When Samsung unveiled the Galaxy Note 7 smartphone back in August, with its much-lauded battery life, the South Korean firm looked like it was on top of the game -- until the phones started exploding making people to start seeing the phone as a potential explosive.
Initially, the tech giant cited "battery cell issues" as the cause of the explosions in September and provided a replacement which was deemed safe but all didn't go well as the replacement also started bursting into flames. since then, consumers have been worried on the cause of the fault since Samsung hasn't been able to give a clear statement after the final recall that even came with a $100 reward.
Although, Samsung has announced a permanent end to production of the troubled smartphone on Tuesday. Many consumers have been left wondering if they are safe with Lithium ion batteries. Here's what you need to know:
What is a lithium-ion battery?
Batteries are containers that can convert chemical energy to electrical energy through the transfer of electrons from the negative plate -- or anode -- at one end of the battery to the cathode -- or positive plate at the other end.
But traditional batteries have a limited number of units of convertible chemical energy. The difference with the lithium-ion battery is that it is rechargeable -- a game-changer in tech innovation.
Steve Levine, author of The Powerhouse: Inside the Invention of a Battery to Save the World explained that it "triggered this whole electronics revolution starting in the beginning of 1990s until today. It has enabled the iPhone, medical devices, wearables, iPads, our thin laptops -- all of that is because of the lithium-ion battery.
"Lithium is the lightest metal in the world which is why they use it but it is also extremely volatile, Almost every laptop on the planet, almost every smartphone is a standard formulation which is cobalt-oxide and lithium. But then there are competing formulations."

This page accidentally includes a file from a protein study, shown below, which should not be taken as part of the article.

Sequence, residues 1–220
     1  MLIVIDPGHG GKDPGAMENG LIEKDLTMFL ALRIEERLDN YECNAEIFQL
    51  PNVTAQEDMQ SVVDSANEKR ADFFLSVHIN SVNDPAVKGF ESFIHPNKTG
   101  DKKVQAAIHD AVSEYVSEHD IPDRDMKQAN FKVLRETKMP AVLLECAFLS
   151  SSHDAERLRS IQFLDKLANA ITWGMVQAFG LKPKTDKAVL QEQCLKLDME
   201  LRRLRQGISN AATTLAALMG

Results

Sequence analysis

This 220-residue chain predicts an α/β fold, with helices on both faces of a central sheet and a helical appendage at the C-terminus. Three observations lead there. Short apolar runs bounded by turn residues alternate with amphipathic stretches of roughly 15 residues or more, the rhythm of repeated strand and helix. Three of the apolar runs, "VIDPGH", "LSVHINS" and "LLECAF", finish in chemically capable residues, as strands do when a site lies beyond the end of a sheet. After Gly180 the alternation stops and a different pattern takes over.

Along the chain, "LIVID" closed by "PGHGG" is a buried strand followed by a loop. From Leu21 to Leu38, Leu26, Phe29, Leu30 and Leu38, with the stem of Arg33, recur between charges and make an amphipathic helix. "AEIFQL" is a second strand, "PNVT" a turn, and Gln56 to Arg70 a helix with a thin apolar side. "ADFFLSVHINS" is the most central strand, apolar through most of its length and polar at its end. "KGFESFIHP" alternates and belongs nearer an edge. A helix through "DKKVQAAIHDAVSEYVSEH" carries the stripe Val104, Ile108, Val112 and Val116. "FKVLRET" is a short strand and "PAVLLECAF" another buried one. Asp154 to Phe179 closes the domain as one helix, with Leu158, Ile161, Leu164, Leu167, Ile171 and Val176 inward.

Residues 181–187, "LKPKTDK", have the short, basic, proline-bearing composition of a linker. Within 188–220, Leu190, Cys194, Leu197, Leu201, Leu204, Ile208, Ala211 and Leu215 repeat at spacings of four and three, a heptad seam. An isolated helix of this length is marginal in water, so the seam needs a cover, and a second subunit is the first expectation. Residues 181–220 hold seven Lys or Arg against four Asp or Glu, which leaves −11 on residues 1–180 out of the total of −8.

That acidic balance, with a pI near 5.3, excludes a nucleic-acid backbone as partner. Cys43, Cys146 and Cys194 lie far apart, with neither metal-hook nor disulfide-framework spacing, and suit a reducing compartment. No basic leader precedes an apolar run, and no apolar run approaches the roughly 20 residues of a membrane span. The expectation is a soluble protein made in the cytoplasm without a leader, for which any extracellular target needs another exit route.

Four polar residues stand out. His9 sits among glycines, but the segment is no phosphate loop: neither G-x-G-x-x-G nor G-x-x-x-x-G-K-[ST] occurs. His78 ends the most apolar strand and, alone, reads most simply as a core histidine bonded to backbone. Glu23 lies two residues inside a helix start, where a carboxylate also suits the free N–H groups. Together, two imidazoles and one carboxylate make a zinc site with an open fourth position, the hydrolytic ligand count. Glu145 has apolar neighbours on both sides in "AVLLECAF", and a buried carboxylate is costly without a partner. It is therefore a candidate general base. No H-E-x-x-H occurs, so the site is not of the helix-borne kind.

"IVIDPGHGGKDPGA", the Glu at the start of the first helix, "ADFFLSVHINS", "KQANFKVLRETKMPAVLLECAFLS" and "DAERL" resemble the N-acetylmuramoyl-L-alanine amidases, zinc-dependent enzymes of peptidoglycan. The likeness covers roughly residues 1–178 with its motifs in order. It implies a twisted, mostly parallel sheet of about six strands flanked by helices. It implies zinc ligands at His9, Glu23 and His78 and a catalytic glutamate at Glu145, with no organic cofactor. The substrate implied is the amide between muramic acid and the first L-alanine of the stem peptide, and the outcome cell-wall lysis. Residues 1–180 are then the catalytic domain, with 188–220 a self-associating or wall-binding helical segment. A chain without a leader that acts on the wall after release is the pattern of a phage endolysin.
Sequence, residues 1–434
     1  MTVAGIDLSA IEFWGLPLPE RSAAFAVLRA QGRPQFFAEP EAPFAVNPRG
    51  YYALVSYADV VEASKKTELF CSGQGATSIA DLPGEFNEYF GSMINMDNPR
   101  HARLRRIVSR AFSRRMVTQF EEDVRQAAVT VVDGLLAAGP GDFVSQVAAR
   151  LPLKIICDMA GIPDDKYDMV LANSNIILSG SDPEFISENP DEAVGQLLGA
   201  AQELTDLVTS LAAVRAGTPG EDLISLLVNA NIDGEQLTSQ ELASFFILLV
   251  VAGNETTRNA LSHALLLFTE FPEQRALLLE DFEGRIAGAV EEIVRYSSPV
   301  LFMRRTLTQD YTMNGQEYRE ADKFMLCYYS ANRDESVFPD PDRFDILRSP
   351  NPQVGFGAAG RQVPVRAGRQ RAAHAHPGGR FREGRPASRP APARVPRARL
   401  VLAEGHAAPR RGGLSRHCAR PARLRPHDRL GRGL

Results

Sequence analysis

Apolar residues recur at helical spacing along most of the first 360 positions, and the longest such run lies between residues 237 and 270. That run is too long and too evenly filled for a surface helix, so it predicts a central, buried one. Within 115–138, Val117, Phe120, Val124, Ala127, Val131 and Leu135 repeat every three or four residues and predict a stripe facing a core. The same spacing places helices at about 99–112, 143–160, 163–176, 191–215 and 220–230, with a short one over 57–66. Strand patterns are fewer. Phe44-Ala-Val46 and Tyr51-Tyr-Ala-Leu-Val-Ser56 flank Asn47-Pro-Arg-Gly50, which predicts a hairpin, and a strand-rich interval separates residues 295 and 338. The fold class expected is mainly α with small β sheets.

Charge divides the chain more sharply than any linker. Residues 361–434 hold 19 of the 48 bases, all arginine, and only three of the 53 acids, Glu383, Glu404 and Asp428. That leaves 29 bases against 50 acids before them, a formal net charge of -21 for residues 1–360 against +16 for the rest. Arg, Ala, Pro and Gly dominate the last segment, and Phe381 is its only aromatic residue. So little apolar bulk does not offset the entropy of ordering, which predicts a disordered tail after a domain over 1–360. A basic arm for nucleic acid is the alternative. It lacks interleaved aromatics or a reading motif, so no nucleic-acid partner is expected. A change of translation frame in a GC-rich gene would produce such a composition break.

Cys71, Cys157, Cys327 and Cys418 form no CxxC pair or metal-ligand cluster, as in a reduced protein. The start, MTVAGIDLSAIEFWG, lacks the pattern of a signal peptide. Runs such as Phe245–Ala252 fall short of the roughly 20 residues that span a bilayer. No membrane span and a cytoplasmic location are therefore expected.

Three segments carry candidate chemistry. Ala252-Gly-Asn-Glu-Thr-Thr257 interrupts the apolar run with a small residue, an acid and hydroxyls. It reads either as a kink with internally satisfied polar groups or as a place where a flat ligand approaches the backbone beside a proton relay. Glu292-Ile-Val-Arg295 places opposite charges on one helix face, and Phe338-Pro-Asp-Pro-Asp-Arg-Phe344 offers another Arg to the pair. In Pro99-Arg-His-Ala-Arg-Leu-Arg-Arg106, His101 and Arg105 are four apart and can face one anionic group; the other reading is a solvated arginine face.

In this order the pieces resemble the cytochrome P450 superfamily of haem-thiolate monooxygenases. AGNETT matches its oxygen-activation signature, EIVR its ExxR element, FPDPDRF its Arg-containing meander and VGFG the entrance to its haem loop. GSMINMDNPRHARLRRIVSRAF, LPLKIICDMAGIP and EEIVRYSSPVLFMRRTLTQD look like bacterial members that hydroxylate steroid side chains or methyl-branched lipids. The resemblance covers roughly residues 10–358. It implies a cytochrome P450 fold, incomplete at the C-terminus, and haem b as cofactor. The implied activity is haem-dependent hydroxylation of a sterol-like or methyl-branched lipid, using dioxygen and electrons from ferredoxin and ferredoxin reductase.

Samsung won't be the last to have exploding batteries
So why do some Phones explode?
Levine says speculation among researchers suggests that the battery manufacturing process could be the source of the smartphone fires, but ultimately no one knows. And the lack of information creates consumer anxiety which could ripple out to the wider electronics industries.
"It potentially tarnishes all the manufacturers," said Levine. "How do we know that Apple or the new Google phone is not going to have the same problem?"
However, some experts say the fact the high-end phone has been discontinued points towards a design flaw.
"The discontinuation signals that the root of the problems does not lie in the production errors, but possibly in the product design," TuanAnh Nguyen, a research analyst at Canalys told CNNMoney.
Could manufacturing be the problem?
This is by not the first time lithium-ion batteries have hit the headlines.
Although the Samsung phone's battery is different to those in airliners, Boeing faced similar issues with lithium-ion batteries in their Dreamliner aircraft. Their entire global fleet was grounded in 2013 after multiple instances of overheating batteries in Boston and Tokyo.
Investigations by the National Transportation Safety Board determined that manufacturing defects and allegedly unsatisfactory oversight of the manufacturing of the batteries by both the FAA and Boeing were the root causes of the incidents.
At least two fatal cargo jet crashes are believed by investigating authorities to have been caused by fires on board as a result of these lithium-ion batteries. In 2010, a Boeing 747 crashed in Dubai, killing two crew members while an Asiana Airlines 747 crashed off South Korea the following year, also killing two crew members.
Are consumers in danger?
No, according to Levine, who says consumers are not at immediate risk from phones in their pockets blowing up.
He said: "We know right now that the problem has been confined to this one model... that it hasn't been something that has risen chronically, at least in any other Samsung device, [or] at any other manufacturer.
"So the quick answer is that [consumers] shouldn't be concerned but that doesn't mean they won't be."
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